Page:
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Breeding soundness exams are crucial to setting bulls up for success

by Wyoming Livestock Roundup

“Bulls make up one-half of the genetics of a herd, and conducting a breeding soundness exam (BSE) can really steer an operation in the right direction as far as reproduction and fertility go,” states Merck Animal Health Veterinarian Dr. Roy Lewis during the second webinar of the Beef Cattle Research Council’s (BCRC) Record Keeping for Production Management informational series. 

During the webinar, Lewis discusses the value of conducting BSEs. 

“I know I’m preaching to the converted, but I hope I can give producers – commercial and purebred alike – some tips and tricks to help conduct BSEs on their operations,” he adds. 

Components of a BSE

Lewis explains during a BSE, veterinarians measure and evaluate scrotal circumference, semen quality, semen morphology, libido and other physical characteristics important for breeding, such as soundness of feet and legs.

“All breeds have a minimum for scrotal size based on breed characteristics and age, which I believe are right on the money. These numbers have been extensively researched and substantiated, and I firmly believe in them,” he says. 

Although scrotal circumference is correlated to sperm motility, percentage of normal sperm and the age at which a bull’s daughters reach puberty, Lewis notes problems arise when testicles are too big. 

“Scrotums measuring over 50 centimeters, don’t last. They break down or get caught on things. There are a lot of problems that can arise,” he says. 

For libido evaluation, Lewis says it really comes down to the opinion of the producer. Since there isn’t an exact measure for this component of a BSE, it depends on the producer’s confidence in each bull on their ability and desire to breed. 

“A very important component of a BSE is to serve as a good physical soundness exam,” Lewis continues. “It’s important bulls can travel, so we want to watch them walk. While we are collecting semen, we should take a good look at the bull’s feet and legs.” 

Veterinarians will also be on the lookout for physical defects of reproductive organs, such as persistent frenulums, warts, cuts, hair rings, etc. 

“These issues are not very common,” he says. “When we find them there is a good chance we can correct the problem right away, and the bull will still be good for breeding.” 

“Persistent frenulums are genetic, which isn’t much of an issue for commercial breeders because they can still breed fine,” he continues. “However, I would advise purebred breeders from buying bulls with this defect.”

As far as semen testing goes, Lewis says both quality and morphology are important to evaluate. 

He explains this includes looking for sperm malformations, such as head defects or coiled tails, which makes it impossible for sperm to swim. 

Equipment and facilities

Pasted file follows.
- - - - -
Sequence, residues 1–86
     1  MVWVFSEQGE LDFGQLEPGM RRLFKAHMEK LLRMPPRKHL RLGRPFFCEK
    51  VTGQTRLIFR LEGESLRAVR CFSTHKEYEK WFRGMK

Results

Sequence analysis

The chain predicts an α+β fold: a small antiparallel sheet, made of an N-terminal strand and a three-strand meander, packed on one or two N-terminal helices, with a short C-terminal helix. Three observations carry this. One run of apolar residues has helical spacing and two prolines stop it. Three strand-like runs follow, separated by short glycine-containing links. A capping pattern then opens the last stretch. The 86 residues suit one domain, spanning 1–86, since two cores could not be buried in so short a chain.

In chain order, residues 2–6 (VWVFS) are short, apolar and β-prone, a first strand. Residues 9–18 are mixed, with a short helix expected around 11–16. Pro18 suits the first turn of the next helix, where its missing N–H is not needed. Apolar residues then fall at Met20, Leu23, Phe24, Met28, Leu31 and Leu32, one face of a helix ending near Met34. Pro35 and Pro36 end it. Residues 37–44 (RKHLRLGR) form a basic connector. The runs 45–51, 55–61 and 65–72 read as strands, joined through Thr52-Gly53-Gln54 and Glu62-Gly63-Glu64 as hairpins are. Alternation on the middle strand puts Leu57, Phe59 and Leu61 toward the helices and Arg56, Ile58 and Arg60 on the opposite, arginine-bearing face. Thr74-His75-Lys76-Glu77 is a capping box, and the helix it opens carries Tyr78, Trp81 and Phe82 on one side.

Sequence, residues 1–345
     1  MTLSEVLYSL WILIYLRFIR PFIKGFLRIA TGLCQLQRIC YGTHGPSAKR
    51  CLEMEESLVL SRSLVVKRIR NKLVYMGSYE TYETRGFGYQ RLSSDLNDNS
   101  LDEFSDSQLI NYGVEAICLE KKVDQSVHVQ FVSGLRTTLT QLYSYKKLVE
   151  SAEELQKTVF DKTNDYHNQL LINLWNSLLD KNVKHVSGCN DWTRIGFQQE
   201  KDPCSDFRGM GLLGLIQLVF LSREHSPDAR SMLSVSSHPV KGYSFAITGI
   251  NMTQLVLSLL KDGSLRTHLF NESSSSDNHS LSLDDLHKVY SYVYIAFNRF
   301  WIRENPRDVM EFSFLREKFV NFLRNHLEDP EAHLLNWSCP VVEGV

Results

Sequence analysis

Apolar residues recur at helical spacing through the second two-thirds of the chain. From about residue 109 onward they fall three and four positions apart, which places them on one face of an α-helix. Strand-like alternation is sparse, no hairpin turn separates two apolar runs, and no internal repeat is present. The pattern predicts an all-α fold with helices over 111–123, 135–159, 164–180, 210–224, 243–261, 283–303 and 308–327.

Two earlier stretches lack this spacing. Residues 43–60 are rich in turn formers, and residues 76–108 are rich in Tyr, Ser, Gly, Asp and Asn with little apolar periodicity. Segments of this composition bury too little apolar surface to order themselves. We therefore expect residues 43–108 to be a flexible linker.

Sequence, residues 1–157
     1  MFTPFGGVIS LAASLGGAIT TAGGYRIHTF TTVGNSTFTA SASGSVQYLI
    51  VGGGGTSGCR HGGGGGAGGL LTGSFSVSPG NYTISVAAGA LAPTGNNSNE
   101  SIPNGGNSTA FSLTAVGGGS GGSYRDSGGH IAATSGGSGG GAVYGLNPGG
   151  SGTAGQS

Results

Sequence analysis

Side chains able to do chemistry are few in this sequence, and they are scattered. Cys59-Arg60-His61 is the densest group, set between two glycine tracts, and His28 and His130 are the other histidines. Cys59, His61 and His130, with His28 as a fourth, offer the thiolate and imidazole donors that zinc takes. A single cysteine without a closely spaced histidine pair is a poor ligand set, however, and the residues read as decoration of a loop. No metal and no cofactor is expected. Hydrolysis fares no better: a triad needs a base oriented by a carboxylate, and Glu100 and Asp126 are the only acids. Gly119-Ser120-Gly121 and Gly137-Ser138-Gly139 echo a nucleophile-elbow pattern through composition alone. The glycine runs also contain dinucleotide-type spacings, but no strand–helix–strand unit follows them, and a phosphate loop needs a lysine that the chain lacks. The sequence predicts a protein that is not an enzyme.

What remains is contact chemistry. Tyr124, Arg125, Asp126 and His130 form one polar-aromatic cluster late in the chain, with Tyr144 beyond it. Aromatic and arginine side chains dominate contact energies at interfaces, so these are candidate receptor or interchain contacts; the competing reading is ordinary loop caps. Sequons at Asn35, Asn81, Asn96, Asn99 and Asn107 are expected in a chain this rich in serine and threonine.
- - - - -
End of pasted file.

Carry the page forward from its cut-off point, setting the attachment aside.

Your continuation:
According to Lewis, the equipment and facilities used to conduct a BSE are essential to the process. 

While working facilities don’t have to be anything fancy, he notes it is imperative to handle bulls calmly, quietly and slowly. 

In order to keep the process as stress-free as possible, he says he likes to leave bulls loose in the chute, without catching their heads. 

“I’ve found they stand better this way,” he states. “I don’t like to catch their heads unless they are really high strung. It’s important to work them slow and steady.” 

Lewis also notes it’s important to have good, reliable equipment when conducting a BSE. 

“Like any equipment, some brands are better than others, and every new model is a little bit better than the last,” he says. 

Other considerations

Before concluding his presentation, Lewis offers a few considerations for producers to keep in mind while conducting a BSE. 

First, he encourages producers to take care of other management practices while bulls are in the chute. 

“In general, bulls are a little bit harder to handle. So, if there is anything else a producer needs to do – vaccinate, treat parasites, retag, etc. – it is a great opportunity to do so,” he says. 

Additionally, Lewis notes some bulls are harder to collect than others for a number of different reasons. 

For bulls that are refractory to the electroejaculation probe, he suggests using a simple massaging technique, and for bulls that are hard to stimulate, he recommends letting them breed an actual cow, then drawing out the semen from the vaginal canal. 

“BSEs are really a win-win,” Lewis concludes. “Producers are able to identify and eliminate problem bulls, and they don’t have to deal with the consequences of selling these problem bulls. It is also beneficial for people who purchase bulls because they know bulls are adequate as far as fertility goes, and they can have confidence in these bulls moving forward.” 

Hannah Bugas is the managing editor of the Wyoming Livestock Roundup. Send comments on this article to

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